Trudeau made Saranac internationally famous and brought specialists there who made its reputation as glittering as that of any of the cure centers in Switzerland. Every train arriving in Saranac poured more TB victims into the village, anxious to try the wonderful mountain air and regain their shattered health. It was a village with one industry, a mecca for the dying, a source of new hope for many who had heard of the famous doctor’s own miraculous cure. The local residents, hastily ducting off their spare bedrooms and stocking up on sputum cups and thermometers, rejoiced. The mountain air was their natural heritage, and their cash registers were jingling.

But not everyone was pleased. The Adirondacks were also attracting summer visitors—healthy ones—in ever increasing numbers, moneyed city folk bent on escaping the heat amid some of the most beautiful scenery America offers. The Lake Placid Club and Saranac Inn, in spite of their uneasy coexistence with the tubercular community, had become fashionable northern resorts with a large, chic July and August clientele. They feared the consumptive as the International Exposition in Paris feared smallpox.

At the desk of both resorts discreet signs announced that no TB patients would be admitted. My family violated that rule repeatedly, and I suppose others must have done so, too. But we did it nervously. I can remember sitting with my brother in the back seat of my father’s car wending its way up the impressive Santanoni driveway to take my mother out to dinner. She would emerge flushed with pleasure at the prospect of the outing, wearing her tiny pointed shoes and, in winter, her squirrel coat, and we would drive the ten miles to Placid, round Mirror Lake, and pause briefly, out of sight of the club, while my mother coughed. TB patients were told to resist coughing as much as possible, but it made my mother feel better to have done it just before stepping into the premises where she was forbidden. The management knew a tubercular cough when they heard it, and we feared to take a chance.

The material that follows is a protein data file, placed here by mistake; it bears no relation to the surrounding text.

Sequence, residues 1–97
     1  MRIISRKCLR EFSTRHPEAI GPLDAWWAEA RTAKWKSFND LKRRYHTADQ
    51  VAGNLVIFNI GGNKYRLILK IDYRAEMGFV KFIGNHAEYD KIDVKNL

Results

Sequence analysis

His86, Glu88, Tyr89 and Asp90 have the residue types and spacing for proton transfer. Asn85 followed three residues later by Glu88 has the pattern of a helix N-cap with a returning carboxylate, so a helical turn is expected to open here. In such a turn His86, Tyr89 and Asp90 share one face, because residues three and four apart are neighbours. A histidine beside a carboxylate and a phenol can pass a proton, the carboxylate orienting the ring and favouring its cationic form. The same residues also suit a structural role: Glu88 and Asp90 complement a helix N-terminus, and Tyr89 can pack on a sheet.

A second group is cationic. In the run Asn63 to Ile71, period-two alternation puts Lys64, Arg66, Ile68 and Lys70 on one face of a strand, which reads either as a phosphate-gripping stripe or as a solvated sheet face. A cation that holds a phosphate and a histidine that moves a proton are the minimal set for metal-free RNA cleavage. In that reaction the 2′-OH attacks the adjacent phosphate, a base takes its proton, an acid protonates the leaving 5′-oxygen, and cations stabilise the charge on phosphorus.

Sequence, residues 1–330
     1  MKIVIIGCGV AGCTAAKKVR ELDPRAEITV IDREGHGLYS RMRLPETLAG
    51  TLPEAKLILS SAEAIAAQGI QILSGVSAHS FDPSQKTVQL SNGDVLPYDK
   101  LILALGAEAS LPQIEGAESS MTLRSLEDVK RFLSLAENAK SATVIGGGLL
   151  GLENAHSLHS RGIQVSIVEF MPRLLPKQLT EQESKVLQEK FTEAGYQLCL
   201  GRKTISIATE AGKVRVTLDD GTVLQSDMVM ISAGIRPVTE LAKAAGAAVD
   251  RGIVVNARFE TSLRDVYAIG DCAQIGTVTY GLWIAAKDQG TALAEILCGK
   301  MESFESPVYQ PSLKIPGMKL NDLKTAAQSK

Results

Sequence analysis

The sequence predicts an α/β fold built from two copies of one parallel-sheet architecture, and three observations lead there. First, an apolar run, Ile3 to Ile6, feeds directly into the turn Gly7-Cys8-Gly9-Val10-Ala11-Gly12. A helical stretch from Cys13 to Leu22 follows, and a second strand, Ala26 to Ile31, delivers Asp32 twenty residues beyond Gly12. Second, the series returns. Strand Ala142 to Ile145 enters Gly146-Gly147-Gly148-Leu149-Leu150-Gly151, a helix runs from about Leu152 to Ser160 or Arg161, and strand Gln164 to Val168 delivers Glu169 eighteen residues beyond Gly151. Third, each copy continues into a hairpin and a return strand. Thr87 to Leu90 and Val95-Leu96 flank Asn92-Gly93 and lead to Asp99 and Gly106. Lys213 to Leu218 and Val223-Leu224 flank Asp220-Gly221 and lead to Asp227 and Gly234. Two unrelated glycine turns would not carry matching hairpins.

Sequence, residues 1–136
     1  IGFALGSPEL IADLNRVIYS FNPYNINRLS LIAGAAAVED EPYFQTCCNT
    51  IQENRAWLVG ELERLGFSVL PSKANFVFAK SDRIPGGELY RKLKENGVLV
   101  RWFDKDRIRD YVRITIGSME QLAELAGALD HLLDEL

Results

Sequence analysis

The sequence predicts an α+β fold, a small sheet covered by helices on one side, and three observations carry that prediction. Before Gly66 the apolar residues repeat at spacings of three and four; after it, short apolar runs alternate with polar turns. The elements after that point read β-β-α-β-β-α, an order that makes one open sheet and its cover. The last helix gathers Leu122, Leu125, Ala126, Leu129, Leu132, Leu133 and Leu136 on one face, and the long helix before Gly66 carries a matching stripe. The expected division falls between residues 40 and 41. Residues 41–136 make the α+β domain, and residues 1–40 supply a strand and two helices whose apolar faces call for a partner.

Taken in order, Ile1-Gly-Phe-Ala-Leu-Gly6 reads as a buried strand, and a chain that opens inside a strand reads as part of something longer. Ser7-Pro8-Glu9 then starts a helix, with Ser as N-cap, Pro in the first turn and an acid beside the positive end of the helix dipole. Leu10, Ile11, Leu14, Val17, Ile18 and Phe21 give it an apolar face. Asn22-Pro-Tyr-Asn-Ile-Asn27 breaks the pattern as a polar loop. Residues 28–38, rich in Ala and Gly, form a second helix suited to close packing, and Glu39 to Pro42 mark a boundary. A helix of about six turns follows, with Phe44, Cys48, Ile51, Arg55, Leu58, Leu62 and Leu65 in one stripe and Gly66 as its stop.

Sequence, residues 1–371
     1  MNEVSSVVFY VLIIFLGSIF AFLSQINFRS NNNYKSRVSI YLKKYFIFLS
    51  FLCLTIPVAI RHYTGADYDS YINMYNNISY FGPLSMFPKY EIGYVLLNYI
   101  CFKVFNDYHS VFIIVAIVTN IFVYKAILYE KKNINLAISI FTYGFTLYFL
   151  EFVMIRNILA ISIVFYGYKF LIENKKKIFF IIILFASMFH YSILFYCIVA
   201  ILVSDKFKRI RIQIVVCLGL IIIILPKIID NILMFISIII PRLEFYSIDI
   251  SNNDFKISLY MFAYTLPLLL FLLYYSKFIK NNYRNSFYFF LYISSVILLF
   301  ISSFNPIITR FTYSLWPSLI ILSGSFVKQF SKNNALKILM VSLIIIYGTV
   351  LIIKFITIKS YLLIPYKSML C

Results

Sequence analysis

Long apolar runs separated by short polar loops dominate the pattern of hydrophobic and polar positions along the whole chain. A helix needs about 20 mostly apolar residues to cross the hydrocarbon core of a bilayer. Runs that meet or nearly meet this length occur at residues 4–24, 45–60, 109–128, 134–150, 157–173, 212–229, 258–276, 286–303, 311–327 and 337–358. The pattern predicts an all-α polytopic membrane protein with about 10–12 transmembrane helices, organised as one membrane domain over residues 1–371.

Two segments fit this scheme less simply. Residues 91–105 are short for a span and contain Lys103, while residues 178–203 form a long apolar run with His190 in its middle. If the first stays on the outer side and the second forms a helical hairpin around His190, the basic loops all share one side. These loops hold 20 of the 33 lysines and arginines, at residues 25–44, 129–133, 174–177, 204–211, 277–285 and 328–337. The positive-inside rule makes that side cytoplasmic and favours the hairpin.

Already in its fifth edition in 1931, Dr. Brown’s book reflects the bits and pieces of knowledge with which the doctors labored to cure their patients. Robert Koch, in 1882, had identified the TB bacillus; but no one had discovered a way to deal with it. All the early specialists could do was attempt to strengthen the body’s natural defenses through rest, nourishing food, and what they believed to be the greatest remedy of all for sick lungs, the fresh mountain air.

“The current popular belief in Saranac Lake,” writes Dr. Brown, “is that one hour of driving is worth two of sitting on a porch.” The climate was all important, total immersion in it essential. The cold was an amulet. “Properly clad persons can be quite comfortable sitting outdoors even at 20 and 30 below,” wrote Dr. Brown encouragingly. An ex-patient at Trudeau told me he often found himself covered with frost when he was rolled in for breakfast after a night on the sanitarium porch.